Table 1. Balance of Power (From Isaacson, et al., 1999)

Estigarribia also understood the limitations and advantages of Paraguayan airpower. He worked closely with Paraguay’s air group commander, Lt. Col. Alcides Almonacid to maximize the support that the air forces could provide to the war. In one instance, Estigarribia had Almonacid mobilize the entire air fleet to deliver ammunition onto an improvised airstrip at Nanawa, allowing ground troops to hold their position. In another instance, the naval air forces dropped 800 pounds of bombs on Bolivian fortines during the first night time bombing campaign in the Western Hemisphere.

In the end, the Paraguayan military almost pushed the Bolivian forces completely out of the Gran Chaco. The war ended with a cease-fire on June 12, 1935. This was followed by a full truce in 1938 that granted Paraguay three-quarters of the Chaco Boreal region and denied Bolivia the waterway to the Atlantic Ocean it had hoped to gain.

Paraguayan Preconditions for Innovation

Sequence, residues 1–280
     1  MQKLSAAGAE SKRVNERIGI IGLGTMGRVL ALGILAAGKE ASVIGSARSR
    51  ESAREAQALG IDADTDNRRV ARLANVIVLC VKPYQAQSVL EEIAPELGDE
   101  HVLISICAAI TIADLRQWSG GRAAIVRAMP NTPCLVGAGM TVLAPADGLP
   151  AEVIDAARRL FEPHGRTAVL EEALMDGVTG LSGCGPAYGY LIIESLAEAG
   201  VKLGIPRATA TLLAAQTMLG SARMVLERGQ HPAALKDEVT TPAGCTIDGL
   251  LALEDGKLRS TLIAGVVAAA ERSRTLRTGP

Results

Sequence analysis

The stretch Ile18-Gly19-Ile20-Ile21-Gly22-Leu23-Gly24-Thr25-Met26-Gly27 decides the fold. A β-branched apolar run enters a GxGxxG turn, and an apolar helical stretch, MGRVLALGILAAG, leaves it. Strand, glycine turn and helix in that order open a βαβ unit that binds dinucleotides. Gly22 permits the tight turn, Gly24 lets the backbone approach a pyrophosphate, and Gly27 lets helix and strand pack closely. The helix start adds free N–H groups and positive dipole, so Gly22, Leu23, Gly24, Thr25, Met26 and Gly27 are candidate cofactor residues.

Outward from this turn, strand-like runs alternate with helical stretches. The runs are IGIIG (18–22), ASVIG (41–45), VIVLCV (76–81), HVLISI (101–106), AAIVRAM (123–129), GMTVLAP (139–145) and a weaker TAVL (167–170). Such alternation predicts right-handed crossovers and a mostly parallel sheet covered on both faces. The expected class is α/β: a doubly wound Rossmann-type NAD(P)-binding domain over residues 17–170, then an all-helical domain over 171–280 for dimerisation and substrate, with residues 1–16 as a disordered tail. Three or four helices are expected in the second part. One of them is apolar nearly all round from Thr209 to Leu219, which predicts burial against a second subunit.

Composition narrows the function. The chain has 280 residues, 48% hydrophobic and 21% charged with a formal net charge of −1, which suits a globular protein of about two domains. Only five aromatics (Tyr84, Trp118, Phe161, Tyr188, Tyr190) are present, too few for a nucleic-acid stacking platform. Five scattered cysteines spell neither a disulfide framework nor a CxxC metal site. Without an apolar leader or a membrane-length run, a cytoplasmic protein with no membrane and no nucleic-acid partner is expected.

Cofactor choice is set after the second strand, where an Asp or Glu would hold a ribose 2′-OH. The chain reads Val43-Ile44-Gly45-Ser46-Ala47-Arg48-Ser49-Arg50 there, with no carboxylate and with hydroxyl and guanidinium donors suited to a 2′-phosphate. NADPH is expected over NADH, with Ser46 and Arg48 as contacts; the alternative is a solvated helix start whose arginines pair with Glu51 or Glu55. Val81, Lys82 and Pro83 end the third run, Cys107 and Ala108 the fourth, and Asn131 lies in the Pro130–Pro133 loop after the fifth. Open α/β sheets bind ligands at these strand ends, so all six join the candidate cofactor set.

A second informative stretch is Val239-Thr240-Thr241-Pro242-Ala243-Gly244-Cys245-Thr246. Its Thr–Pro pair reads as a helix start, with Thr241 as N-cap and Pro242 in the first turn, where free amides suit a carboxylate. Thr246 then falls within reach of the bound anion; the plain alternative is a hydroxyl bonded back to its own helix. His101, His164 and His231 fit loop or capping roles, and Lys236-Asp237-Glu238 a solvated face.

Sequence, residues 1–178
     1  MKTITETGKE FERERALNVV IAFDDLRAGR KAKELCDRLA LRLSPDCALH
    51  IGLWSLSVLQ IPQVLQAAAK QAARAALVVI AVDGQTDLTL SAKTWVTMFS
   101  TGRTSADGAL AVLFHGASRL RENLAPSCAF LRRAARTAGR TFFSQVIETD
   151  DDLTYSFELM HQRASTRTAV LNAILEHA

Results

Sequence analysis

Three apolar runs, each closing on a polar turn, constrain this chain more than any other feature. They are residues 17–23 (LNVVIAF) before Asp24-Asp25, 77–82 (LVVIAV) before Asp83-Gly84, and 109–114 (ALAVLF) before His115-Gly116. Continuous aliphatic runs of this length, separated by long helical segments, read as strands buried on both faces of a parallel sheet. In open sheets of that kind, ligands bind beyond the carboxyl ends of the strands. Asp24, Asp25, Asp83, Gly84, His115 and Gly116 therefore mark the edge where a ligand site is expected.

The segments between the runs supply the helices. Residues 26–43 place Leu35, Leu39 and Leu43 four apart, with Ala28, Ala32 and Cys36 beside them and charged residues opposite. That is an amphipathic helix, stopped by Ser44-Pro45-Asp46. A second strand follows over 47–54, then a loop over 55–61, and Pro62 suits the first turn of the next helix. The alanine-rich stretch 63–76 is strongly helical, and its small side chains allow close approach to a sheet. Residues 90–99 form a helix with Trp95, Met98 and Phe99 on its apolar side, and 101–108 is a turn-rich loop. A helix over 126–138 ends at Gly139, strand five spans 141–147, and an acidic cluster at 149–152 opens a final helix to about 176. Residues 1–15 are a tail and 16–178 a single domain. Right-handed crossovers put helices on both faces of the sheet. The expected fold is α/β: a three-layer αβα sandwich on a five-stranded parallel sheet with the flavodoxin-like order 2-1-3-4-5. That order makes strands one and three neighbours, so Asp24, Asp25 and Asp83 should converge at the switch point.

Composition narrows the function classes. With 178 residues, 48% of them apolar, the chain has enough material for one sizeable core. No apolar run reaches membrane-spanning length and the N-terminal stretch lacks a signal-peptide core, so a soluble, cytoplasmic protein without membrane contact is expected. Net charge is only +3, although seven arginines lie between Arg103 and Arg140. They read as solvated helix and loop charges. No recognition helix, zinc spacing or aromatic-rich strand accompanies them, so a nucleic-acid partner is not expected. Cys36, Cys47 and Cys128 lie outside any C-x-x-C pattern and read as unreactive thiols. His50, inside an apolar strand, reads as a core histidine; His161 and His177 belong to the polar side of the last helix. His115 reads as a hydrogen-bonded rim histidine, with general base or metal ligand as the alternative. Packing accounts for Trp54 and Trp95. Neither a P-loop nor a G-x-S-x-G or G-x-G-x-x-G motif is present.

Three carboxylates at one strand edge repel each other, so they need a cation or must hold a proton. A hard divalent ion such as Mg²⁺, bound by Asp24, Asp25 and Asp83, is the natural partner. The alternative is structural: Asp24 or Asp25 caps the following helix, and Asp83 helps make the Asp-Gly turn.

Internal – The Paraguayan military placed a strong emphasis on education for their officer corps. A majority of officers also attended staff colleges abroad in locations such as Italy, Belgium, Argentina, and France (where Estigarribia himself studied). This made the Paraguayans better informed and more widely read than their Bolivian adversaries, who rarely pursued any education following their commission. The Paraguayan military also recruited soldiers who were professional and creative, forming them into cohesive units by balancing their strengths and weaknesses. The Bolivians, on the other hand, heavily recruited Indian peasants and miners, and created ad hoc units. Estigarribia encouraged innovative ideas from his troops and was able to decentralize operations to the commanders of his small units dispersed throughout the Chaco. This allowed the Paraguayan army to operate far more effectively than their counterparts who suffered under the strict, centralized management of General Hans Kundt. Finally, Estigarribia’s ability to overcome Army and Air Force parochialism allowed for integrated and innovative contributions to Paraguay’s success. Unlike the Bolivian leadership, he trusted his air force’s reconnaissance reports, allowing him to have better battlespace awareness.